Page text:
over 3 years ago • 3 mins
The trading universe of “retail investors” has come under fire in recent weeks, with many professionals worried that individuals are being encouraged to take aim at dangerous assets they don’t fully understand – and which risk them getting shafted.
A new breed of investor has come to the fore during lockdown: the YOLO day-trader who, armed with a stimulus check and a “no-fee” brokerage platform, sets out to make a quick buck buying and selling stocks – often using leverage to amplify both gains and losses. Worryingly, many appear to be doing so on the unregulated “advice” of anonymous traders in forums or else internet personalities who, when asked, admit they don’t care a fig for the fortunes of followers who take their word as gospel.
Usually individual retail investors – even when they club together – don’t have much influence over, say, a company’s share price. Take $1.5 trillion Apple, for instance: even if everyone you knew got together and bought shares, it wouldn’t have nearly as large an effect as if Berkshire Hathaway casually added another $15 billion – or 1% – to its existing 6% stake. But when companies go bankrupt, it’s a different story. With a much smaller market value, retail investors can have a material effect on prices.
Of course, bankrupt companies’ shares are theoretically worthless, so their investors are effectively playing a game of chicken, hoping to profit from other investors buying in before reality bites. While some YOLO traders claim to have made significant sums, several have lost equally astronomical amounts – sometimes with tragic consequences.
Authorities may now be putting their foot down: this week, US financial regulators threw cold water over Hertz’s planned post-bankruptcy share sale, probably because any buyers would end up with shares worth nothing. The current head of the outfit has a reputation for looking out for oft-ignored smaller investors. And given professional financiers had already lambasted Hertz’s sale as nonsensical, it seemed likely only vulnerable retail investors were set to lose out.
It may make sense for most investors to focus their attention on exchange-traded funds (ETFs) invested in major stock markets – or, if you have a particular view on an industry, an ETF that tracks it. After all, ETFs let investors trace the trajectories of numerous companies without the concentrated downside risk of a single one. Individual stocks are among the riskiest investments out there, and should therefore comprise a small part of your portfolio if any at all. You can make big bets, sure – but take pains to get fully informed (and prepared) beforehand.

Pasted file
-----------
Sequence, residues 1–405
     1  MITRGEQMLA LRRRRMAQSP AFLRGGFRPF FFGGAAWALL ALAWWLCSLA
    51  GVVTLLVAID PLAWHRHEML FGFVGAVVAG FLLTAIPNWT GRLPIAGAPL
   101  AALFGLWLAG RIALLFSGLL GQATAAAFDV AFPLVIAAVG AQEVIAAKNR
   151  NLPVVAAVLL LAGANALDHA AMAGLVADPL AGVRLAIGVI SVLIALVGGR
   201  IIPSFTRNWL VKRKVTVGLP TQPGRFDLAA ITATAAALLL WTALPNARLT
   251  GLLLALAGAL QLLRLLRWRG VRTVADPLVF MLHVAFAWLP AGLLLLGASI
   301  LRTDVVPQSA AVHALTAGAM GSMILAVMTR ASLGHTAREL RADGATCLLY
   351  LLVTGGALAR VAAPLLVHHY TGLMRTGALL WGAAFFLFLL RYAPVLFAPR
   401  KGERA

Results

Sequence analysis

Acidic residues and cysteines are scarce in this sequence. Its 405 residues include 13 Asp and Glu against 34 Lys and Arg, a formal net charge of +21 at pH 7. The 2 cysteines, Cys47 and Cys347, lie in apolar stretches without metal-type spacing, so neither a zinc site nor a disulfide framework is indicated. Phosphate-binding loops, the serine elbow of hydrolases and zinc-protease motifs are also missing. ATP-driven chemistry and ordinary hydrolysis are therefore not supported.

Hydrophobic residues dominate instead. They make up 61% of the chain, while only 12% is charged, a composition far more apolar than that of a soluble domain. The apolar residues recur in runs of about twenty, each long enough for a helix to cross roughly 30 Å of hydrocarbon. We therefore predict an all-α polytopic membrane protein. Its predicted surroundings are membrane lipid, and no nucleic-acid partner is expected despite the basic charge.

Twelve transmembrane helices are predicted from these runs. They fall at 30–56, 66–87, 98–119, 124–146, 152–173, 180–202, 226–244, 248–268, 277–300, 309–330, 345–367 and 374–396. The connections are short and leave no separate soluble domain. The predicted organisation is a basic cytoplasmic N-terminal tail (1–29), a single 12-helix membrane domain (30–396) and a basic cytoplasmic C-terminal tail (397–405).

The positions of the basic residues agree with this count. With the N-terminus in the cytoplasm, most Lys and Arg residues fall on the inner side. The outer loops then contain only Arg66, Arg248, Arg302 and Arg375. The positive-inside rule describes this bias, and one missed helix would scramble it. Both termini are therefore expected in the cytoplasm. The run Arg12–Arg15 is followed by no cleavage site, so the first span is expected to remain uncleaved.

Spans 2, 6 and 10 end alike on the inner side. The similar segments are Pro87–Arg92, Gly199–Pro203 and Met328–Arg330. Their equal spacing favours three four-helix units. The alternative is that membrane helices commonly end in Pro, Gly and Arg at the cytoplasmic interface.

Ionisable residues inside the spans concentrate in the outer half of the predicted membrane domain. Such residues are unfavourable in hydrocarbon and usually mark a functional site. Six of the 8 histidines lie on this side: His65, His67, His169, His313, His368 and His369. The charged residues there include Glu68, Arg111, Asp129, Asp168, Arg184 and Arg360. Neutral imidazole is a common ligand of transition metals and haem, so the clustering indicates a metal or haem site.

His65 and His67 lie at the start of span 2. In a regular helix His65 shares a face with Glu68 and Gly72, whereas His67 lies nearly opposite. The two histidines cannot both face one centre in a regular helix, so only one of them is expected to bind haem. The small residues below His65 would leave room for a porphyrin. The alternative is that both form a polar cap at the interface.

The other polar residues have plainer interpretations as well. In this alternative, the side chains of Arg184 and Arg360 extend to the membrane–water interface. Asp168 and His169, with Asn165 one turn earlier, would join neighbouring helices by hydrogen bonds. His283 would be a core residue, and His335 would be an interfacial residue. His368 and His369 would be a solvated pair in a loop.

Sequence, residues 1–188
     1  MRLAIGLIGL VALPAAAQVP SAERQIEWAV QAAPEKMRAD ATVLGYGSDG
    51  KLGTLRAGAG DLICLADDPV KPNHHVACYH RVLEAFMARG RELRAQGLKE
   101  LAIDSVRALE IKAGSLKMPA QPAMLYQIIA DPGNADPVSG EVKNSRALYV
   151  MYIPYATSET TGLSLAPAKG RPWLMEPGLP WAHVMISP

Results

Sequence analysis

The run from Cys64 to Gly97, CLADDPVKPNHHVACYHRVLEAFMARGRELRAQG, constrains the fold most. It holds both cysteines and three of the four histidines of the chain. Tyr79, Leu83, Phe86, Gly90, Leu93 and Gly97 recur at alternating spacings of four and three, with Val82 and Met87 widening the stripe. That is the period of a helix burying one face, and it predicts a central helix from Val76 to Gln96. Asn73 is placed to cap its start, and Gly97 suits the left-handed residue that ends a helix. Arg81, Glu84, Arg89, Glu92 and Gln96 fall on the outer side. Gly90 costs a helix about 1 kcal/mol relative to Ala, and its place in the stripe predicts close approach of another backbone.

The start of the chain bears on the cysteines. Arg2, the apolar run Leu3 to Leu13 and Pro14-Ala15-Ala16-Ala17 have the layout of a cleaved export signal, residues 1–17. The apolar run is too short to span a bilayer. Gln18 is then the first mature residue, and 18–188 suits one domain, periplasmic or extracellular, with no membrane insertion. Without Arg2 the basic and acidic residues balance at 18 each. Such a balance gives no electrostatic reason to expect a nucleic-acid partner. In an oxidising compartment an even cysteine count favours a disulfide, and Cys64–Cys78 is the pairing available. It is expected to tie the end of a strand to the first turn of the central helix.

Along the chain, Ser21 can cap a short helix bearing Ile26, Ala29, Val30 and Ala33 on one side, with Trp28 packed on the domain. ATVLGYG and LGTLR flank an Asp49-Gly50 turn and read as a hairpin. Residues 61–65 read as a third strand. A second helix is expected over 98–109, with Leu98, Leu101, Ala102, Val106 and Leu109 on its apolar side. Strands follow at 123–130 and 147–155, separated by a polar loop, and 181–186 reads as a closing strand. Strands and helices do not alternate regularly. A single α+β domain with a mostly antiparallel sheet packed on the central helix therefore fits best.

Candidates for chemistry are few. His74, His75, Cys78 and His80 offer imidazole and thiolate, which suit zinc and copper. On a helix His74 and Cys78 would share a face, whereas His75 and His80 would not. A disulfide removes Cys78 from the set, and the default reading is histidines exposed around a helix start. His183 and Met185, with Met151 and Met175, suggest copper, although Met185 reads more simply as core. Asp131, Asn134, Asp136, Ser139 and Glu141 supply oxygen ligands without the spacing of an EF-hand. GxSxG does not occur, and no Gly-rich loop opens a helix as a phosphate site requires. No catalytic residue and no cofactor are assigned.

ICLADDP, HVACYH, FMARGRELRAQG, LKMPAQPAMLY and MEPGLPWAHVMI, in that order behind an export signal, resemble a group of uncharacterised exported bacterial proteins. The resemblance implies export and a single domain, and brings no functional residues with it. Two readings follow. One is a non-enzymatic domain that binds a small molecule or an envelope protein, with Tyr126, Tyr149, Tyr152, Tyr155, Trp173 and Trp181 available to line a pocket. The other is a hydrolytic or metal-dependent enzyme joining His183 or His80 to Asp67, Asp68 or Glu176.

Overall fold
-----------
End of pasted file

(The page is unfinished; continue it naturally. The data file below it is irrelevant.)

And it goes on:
UBS – the world’s largest wealth manager – advised its well-padded clients this week to avoid chasing stocks that are all the rage among retail investors and instead stick to safer company shares. Although retail investors aren’t necessarily wrong, UBS recommends its clients focus on blue-chip growth stocks in retail and tech, as well as government bonds in case of rising volatility.
Data out on Friday showed the UK’s national debt had grown larger than the size of the country’s economy for the first time since the 1960s. While unprecedented government spending in the face of coronavirus is naturally to blame, rising debt and a shrinking economy will likely make it more expensive for the UK to borrow money in future, thereby limiting the amount it can raise and spend on helping grow its economy.
Disclaimer: These articles are provided for information purposes only. Occasionally, an opinion about whether to buy or sell a specific investment may be provided. The content is not intended to be a personal recommendation to buy or sell any financial instrument or product, or to adopt any investment strategy as it is not provided based on an assessment of your investing knowledge and experience, your financial situation or your investment objectives. The value of your investments, and the income derived from them, may go down as well as up. You may not get back all the money that you invest. The investments referred to in this article may not be suitable for all investors, and if in doubt, an investor should seek advice from a qualified investment advisor.